Affordable and efficient solar cells made by laser pulsing

A new manufacturing method that employs an ultrafast pulsing laser aims to make solar cells more affordable and efficient.

Researchers at Purdue University in the US say their innovation may help to overcome two major obstacles that hinder widespread adoption of solar cells: the need to reduce manufacturing costs and increase the efficiency of converting sunlight into an electric current.

Critical to both are tiny microchannels needed to interconnect a series of solar panels into an array capable of generating useable amounts of power.

Conventional scribing methods, which create the channels mechanically with a stylus, are slow and expensive and produce imperfect channels, impeding solar cells’ performance.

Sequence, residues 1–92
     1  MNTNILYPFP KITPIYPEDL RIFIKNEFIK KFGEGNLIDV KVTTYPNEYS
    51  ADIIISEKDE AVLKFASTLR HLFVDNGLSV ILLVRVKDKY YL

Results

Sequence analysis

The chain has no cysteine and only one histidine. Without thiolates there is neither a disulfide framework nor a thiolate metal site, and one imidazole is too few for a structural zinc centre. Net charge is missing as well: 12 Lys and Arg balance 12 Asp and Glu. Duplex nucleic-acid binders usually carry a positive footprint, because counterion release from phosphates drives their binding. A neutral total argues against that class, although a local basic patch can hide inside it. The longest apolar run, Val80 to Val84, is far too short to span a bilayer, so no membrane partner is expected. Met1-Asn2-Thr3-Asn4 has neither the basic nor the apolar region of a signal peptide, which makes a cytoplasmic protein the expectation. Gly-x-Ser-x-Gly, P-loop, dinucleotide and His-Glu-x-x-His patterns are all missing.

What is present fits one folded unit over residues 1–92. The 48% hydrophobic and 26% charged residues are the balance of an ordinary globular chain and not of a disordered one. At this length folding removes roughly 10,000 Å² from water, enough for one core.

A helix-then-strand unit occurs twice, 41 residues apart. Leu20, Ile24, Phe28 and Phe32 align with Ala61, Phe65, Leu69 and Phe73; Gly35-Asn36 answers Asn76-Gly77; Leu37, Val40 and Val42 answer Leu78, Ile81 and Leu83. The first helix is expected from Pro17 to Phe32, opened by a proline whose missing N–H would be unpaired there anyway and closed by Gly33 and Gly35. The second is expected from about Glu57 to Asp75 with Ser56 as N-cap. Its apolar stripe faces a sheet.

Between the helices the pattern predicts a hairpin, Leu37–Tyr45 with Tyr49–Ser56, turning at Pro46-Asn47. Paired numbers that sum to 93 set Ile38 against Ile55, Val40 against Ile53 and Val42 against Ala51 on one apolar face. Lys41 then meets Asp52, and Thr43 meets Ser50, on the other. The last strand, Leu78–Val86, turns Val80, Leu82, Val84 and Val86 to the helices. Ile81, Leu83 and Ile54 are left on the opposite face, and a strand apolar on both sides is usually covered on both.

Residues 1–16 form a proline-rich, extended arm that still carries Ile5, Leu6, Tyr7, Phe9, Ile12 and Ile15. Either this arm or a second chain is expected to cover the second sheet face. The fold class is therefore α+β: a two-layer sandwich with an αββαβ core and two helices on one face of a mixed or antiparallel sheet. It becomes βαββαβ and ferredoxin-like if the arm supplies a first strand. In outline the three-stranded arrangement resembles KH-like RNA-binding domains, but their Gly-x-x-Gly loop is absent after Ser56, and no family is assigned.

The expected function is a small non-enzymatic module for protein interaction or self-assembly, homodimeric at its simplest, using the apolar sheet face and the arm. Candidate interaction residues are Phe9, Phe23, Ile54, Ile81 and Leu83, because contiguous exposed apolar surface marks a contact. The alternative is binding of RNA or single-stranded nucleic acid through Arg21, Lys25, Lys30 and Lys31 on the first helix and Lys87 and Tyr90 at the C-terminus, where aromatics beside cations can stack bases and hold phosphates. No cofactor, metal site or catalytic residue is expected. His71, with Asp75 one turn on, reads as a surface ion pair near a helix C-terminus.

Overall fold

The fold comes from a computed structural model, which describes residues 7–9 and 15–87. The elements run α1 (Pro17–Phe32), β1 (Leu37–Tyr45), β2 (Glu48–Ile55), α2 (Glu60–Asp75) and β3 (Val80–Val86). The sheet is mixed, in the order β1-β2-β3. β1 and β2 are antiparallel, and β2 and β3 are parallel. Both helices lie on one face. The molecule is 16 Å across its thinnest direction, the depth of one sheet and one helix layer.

‘Although laser scribing has been studied extensively, until now we haven’t been able to precisely control lasers to accurately create the microchannels to the exacting specifications required,’ said project lead Prof Yung Shin.

Research results have shown that the fast-pulsing laser accurately formed microchannels with precise depths and sharp boundaries. The laser pulses last only a matter of picoseconds, or quadrillionths of a second.

Because the pulses are so fleeting the laser does not cause heat damage to the thin film, removing material in precise patterns in a process called ‘cold ablation’.

‘This is very tricky because the laser must be precisely controlled so that it penetrates only one layer of the thin film at a time, and the layers are extremely thin. You can do that with this kind of laser because you have a very precise control of the depth, to about 10 to 20 nanometers,’ SHin said.

The researchers say their technology can be used in thin-film solar cells which are flexible, allowing them to be used as rooftop shingles and tiles, building facades, or the glazing for skylights.

Thin-film solar cells account for about 20 per cent of the photovoltaic market globally in terms of watts generated and are expected to account for 31 per cent by 2013.